Genes vs Free Will
Moshe Ben-Chaim
Reader: If I am correct, I believe that G-d holds everyone responsible for their own actions in life, especially when one makes bad decisions or deeds.  Everyone knows that genetics apparently plays a big role in ones behavior and mannerisms.  Sometimes, these behaviors and mannerism's can be very self-destructive, harmful, wrong, and plain stupid.  For instance, many times someone will say she's just like her mother. Example - "She never thinks before she acts, and gets furious without controlling her emotions.  Just like her mother."  Some instincts between relatives are almost scary in how close they are to each other.   If we all have the ability to act the correct way, the way of the Torah, the way G-d intends us to do so, why does genetics sometimes show to be such a detractor and counter force.  Why are negative qualities such as "conniving dishonesty, selfishness, anger, etc.. passed on through genetics.  Why aren't people given a clean slate to build their own character upon through experience.  I know this happens, and experience and upbringing is responsible for the vast majority of who and what we are, but why are those negative genetic qualities still present.  Can one say that G-d doesn't start off everyone with a clean slate, because in many cases it seems like bad genes run in the family, and I'm not talking about physical deformities.  Please explain.  Shalom, and God bless you.
Mesora: Many times we confuse nature with nurture. A girl mimicking her mother's traits is largely due to emulation, not genetics. We imitate our role models. But I do not deny that if you separate a child from her parent at birth, 20 years later you may find the child to display similar traits. But trait similarities are exactly that - traits, versus values.
To say that a child has a strong thievery gene is an incorrect statement. All that can be passed from parent to child are psychological trends, not values or the ability for free will. Free will is not less or more present in one person over another. We all have free will, despite our personality differences. Additionally, free will is not subject to quantity. One either has free will, or one is not human. There are no other possibilities. A person cannot have partial free will, just as a person cannot have partial intelligence. One's intelligence may not be as abstract as Einstein, but in both, Einstein and us, the presence of intelligence - and free will - is equal.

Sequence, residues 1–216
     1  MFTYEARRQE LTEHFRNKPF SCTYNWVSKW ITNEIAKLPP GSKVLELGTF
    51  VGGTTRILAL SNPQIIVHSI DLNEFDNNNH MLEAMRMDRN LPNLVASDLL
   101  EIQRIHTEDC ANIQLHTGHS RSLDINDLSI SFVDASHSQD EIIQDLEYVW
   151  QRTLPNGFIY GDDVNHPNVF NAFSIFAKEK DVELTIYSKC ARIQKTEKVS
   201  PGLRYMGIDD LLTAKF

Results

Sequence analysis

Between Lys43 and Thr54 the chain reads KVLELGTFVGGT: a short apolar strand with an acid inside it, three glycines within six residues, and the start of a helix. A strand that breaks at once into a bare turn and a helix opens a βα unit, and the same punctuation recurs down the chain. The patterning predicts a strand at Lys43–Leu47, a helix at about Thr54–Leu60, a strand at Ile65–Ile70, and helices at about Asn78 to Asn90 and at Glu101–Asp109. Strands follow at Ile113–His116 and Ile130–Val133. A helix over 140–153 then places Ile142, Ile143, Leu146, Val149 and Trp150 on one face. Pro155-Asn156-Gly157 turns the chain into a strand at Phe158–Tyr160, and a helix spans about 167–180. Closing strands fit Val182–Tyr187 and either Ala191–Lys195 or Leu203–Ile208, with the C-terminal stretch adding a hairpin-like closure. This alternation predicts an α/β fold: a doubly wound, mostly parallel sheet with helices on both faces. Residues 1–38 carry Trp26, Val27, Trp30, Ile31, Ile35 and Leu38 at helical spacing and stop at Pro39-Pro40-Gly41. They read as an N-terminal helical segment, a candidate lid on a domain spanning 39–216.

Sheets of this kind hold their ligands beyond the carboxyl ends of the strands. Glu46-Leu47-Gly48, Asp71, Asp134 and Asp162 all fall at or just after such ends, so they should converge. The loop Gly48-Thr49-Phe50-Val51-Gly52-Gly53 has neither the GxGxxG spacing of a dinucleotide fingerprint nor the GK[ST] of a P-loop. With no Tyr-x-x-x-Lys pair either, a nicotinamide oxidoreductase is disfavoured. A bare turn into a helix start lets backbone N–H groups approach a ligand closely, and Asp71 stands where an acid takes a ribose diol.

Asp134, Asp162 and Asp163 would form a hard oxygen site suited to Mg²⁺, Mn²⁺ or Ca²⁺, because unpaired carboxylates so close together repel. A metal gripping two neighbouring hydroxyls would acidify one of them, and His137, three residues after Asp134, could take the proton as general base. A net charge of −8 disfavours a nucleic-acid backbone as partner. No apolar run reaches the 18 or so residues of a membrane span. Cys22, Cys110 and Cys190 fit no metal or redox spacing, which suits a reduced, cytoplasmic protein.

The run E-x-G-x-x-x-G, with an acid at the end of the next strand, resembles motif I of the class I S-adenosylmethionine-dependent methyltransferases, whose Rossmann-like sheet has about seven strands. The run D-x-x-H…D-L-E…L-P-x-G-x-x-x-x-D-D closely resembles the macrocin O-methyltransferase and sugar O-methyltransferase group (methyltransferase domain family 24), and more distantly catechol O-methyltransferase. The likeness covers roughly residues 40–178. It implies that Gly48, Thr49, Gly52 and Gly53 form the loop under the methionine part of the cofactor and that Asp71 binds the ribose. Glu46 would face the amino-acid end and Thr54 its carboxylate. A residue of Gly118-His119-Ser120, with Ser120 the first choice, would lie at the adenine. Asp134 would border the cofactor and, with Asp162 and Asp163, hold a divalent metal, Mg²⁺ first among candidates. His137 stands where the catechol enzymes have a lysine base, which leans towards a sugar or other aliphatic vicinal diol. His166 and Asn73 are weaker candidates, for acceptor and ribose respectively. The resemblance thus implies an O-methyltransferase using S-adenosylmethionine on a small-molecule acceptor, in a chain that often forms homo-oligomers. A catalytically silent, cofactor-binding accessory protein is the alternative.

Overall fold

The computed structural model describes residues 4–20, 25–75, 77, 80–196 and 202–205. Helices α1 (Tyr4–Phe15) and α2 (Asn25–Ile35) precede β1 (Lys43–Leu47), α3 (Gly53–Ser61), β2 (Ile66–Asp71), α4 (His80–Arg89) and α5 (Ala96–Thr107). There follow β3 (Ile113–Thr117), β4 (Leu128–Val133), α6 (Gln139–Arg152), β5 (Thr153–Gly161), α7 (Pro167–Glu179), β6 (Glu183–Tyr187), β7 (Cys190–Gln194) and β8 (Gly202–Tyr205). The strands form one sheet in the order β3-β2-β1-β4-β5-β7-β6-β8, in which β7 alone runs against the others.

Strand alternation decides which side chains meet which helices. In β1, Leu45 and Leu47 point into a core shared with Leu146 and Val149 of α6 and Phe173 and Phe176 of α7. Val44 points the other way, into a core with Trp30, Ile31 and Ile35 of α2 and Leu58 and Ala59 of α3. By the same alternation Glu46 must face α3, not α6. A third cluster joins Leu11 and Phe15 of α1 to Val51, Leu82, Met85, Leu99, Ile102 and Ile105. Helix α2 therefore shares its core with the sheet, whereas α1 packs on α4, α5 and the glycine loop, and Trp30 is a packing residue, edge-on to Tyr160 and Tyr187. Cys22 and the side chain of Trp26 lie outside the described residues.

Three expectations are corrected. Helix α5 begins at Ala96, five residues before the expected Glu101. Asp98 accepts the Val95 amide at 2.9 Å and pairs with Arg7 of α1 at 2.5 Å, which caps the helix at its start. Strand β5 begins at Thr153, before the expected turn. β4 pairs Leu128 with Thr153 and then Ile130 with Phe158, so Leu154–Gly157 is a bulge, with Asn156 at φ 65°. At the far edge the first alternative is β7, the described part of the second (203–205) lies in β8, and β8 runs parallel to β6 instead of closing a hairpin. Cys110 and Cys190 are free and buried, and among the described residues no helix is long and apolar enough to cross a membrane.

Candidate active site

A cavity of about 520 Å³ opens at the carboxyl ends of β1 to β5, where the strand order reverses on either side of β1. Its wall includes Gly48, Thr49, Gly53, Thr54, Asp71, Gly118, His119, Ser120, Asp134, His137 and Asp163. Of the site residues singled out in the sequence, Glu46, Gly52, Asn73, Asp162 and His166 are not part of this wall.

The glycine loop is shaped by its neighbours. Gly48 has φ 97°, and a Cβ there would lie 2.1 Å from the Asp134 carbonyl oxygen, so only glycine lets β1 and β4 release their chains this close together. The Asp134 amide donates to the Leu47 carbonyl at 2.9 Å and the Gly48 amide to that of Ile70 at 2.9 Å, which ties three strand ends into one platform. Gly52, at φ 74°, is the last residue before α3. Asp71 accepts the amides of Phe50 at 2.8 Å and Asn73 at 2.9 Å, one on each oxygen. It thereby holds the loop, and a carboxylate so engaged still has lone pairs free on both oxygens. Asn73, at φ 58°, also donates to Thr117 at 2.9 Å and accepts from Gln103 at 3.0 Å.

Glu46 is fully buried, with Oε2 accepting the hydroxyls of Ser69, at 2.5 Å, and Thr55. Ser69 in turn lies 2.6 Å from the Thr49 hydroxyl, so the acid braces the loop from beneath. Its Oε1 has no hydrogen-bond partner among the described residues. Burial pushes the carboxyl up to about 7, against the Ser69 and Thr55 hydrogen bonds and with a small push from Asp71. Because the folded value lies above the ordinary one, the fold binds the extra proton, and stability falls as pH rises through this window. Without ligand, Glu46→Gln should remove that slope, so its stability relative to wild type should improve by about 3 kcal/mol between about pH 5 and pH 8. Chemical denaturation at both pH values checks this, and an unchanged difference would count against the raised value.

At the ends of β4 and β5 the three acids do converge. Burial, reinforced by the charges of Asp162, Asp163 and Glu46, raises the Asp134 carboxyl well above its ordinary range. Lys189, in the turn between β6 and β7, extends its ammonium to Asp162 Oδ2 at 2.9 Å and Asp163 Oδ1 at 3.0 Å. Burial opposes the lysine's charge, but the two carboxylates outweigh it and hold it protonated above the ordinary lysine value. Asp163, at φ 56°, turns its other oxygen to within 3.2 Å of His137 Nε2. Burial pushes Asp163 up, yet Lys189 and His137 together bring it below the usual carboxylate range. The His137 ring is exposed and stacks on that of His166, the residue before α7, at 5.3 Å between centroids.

A person must examine himself throughout his life. He must detect where his own specific makeup requires a control in temperament. Then he must work on himself to produce the most even keeled personality which lends itself to the serenity essential for a life lead by wisdom, without the pull of his emotions. A Rabbi once taught that Maimonides' "golden mean" (where one stays equidistant from both poles of any emotional spectrum) is for the ultimate goal of rendering one's personality free from emotional pulls, so he may lead his life based on wisdom. If however one's emotions are powerful, he will be led by them, not intelligence. He will harm himself with poor decisions, and the absence of involvement in Torah. If however, one isn't too giddy, nor morbid, or he is not too miserly, but not too much the spendthrift, but in all spectrums he remains in the center, he has removed the pull of both extremes, and he is most at ease. He will then find his mind able to immerse in a life of wisdom without emotions pulling him towards his desires.

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